Sometimes soft costs are difficult to measure, but you can figure out how many [full-time equivalents] FTEs it’s taking or how many hours they spend doing a certain function, and which costs would be most valuable to your health system. Anytime we change a workflow, there’s always an analysis done on the nursing impact and the physician impact because we really can’t change workflows that create more time required from them. We’ve been working on some automation with physicians to try and figure out how to make this easier for the doctor and more accurate. It’s very easy to miss. It’s not just supplies; you could be missing value in your level of care, or whether it’s a trauma scenario or not. We miss those additional revenues if we don’t take that documentation and connect it to what the charge is ultimately going to be for that work that the physician performed.
Kashif Zaheer: For me, the number one ROI metric was to manage supply expenses. And second was to improve revenue, capture all supply charges for every case or procedure before transferring to a billing system. And third is reducing inventory waste. That’s also very critical.
As everything is moving toward value-based purchasing and driven by managed care, it’s very important now for organizations to build strategic partnerships. You can’t employ everybody, so it’s helpful to have strategic partnerships that can focus on the revenue cycle, for example. If we have a certain population and we’re going to get only this much revenue from that certain population, we may need help figuring out how to work with specialists to reduce the cost and eliminate the variance, such as one particular surgeon believing that this is the only way, or this is the only instrument he can use. We have to figure out how we can work with them to collaborate with review committees to change that behavior so we can reduce the cost too.
We’ve started doing some of this through strategic partnerships. We have a preferred provider list now within our Epic, and all physicians from each market can use those lists for any referrals. That helps us manage some of those costs, because if one patient goes out of the system you lose all that revenue.
Hoch: To piggyback on that, we’re looking for a vendor partner that is helping us think forward, using automation or other innovations. Is their solution something that will align with where our problem areas are or where we’re trying to go? We look for partners that are aligned with some of those strategic objectives for accomplishing our goals with the least impact possible to our clinical staff. And maybe we leapfrog over manual work and automate it in such a way that, instead of making it easier for someone to do charge entry manually, we just forget that piece and do something using automation or some kind of innovation that we haven’t even thought of yet.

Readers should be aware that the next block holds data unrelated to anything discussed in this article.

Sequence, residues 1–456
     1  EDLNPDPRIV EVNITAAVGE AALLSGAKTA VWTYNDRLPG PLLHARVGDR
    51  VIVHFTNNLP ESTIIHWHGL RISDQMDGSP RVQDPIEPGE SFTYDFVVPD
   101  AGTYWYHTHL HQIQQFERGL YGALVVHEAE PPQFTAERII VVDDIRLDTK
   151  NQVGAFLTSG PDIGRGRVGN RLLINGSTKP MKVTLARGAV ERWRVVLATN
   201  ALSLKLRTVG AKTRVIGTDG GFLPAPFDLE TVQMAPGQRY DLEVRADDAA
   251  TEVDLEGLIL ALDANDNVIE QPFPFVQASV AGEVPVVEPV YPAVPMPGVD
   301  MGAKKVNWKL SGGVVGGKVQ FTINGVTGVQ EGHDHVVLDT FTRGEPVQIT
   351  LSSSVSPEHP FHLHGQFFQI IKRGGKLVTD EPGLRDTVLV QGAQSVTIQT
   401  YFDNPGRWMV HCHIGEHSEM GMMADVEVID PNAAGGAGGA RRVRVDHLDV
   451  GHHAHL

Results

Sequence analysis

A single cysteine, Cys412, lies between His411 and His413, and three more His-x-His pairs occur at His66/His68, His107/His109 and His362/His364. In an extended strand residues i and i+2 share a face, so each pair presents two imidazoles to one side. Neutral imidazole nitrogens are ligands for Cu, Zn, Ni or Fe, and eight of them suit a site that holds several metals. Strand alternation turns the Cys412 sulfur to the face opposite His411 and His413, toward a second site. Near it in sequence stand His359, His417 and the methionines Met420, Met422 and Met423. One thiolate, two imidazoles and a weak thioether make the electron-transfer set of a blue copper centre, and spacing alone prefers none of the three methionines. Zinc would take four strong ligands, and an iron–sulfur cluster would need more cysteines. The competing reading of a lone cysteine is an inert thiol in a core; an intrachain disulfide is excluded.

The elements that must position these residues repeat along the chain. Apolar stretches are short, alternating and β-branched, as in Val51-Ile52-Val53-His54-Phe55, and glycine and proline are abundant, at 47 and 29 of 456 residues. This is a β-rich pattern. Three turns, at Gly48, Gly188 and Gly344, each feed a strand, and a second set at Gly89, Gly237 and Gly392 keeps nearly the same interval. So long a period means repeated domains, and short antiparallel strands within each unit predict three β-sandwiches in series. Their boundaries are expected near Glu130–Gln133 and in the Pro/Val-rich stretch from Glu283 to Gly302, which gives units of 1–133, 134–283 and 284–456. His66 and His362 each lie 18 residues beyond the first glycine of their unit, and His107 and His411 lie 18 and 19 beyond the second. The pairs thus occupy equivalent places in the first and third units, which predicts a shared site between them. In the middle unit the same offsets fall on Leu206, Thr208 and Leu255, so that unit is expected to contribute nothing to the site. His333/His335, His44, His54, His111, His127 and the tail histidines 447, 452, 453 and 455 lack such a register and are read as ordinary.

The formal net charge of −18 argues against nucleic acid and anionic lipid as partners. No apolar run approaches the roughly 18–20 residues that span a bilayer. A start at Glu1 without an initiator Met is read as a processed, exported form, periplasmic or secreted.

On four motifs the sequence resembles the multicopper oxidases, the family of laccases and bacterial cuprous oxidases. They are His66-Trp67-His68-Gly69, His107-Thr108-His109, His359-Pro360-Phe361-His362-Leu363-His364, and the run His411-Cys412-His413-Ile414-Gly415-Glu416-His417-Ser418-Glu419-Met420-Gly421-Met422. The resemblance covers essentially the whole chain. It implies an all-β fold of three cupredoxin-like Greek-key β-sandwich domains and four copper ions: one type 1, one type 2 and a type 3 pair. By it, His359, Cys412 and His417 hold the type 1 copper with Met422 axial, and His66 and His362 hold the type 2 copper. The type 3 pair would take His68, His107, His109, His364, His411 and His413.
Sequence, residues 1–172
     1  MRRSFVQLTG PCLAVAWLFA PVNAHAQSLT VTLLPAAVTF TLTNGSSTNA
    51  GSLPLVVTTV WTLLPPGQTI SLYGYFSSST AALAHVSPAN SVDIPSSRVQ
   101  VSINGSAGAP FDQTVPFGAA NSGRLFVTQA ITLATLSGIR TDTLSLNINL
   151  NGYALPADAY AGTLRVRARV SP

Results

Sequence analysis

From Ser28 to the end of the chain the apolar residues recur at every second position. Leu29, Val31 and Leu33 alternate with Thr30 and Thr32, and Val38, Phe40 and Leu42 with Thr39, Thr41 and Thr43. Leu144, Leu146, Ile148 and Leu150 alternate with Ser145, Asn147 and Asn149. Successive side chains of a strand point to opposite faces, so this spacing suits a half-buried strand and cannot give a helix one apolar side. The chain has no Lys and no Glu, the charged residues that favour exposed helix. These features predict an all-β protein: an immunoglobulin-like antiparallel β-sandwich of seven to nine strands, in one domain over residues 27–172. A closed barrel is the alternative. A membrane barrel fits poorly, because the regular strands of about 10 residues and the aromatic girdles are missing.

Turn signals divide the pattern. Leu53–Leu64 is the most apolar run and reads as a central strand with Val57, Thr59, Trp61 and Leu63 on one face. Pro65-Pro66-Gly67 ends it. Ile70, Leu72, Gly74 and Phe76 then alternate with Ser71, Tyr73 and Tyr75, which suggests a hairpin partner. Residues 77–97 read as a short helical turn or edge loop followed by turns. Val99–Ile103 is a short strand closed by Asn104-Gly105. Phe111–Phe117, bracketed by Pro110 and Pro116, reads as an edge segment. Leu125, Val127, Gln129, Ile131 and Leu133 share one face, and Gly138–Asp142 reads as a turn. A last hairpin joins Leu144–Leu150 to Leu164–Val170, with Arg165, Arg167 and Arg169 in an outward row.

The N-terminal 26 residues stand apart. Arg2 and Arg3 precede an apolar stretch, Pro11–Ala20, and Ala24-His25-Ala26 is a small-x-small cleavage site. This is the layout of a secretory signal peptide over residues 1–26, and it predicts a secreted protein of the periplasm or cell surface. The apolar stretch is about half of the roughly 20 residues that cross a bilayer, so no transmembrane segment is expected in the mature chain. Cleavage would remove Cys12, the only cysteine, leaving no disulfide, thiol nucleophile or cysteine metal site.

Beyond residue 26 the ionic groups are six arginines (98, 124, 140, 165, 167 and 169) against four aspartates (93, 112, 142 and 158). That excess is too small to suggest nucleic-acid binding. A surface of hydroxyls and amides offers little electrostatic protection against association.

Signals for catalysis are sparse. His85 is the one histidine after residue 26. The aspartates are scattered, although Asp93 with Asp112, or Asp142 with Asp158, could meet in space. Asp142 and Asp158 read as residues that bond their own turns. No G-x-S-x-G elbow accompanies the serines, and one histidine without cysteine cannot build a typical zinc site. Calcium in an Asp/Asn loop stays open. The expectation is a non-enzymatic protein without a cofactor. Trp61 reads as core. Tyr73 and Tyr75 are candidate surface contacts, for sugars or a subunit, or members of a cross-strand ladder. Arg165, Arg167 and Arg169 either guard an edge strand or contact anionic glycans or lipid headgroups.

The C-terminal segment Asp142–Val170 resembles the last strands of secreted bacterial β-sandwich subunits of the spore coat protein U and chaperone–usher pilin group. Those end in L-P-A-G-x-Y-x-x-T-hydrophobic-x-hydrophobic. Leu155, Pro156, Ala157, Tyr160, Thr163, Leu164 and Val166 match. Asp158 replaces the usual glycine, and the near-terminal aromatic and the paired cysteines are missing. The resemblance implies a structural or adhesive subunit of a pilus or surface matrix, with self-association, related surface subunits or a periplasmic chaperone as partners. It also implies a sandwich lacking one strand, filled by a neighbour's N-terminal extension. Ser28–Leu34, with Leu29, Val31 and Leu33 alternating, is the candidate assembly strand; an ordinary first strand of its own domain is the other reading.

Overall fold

For healthcare finance leaders looking to control supply costs, reduce waste, and to simply have the data necessary to make informed decisions, clinical supply chain solutions can help improve financial performance by managing supply expenses and supporting comprehensive charge capture through workflow automations and elevating their investments in existing systems.
Senior marketing manager at Cardinal Health WaveMark Solutions in Dublin, Ohio
Director of finance, RWJ Barnabas Health – Jersey City Medical Center in Jersey City, New Jersey
MONICA HOCH, MBA
Associate vice president of revenue integrity at Providence in Irvine, California
ELISE MYERS, MBA
Vice president of clinical revenue integrity at Providence, in Seattle, Washington
Vice president of managed care at Allegheny Health Network in Pittsburg, Pennsylvania
KASHIF ZAHEER, MD
Regional medical director physician practices at OSF Healthcare in Evergreen Park, Illinois
About Cardinal Health™ Wavemark™ Solutions
Cardinal Health™ WaveMark™ Solutions is a clinical supply chain solution that provides health systems with insights to operate the most efficient flow and clinical documentation of medical supplies, including high dollar inventory and medical consumables. The solution leverages predictive modeling and automated inventory management — coupled with expert support services — to empower teams in operating rooms, procedural labs, and nursing units to optimize workflows and support product availability through the development of a clinically integrated supply chain. For over 20 years, WaveMark™ has helped more than 300 health systems automate and simplify clinical and supply chain workflows to reduce the time that clinical staff spend on supply management and allow them to focus on providing the best patient experience and care.
This published piece is provided solely for informational purposes. HFMA does not endorse the published material or warrant or guarantee its accuracy. The statements and opinions by participants are those of the participants and not those of HFMA. References to commercial manufacturers, vendors, products, or services that may appear do not constitute endorsements by HFMA.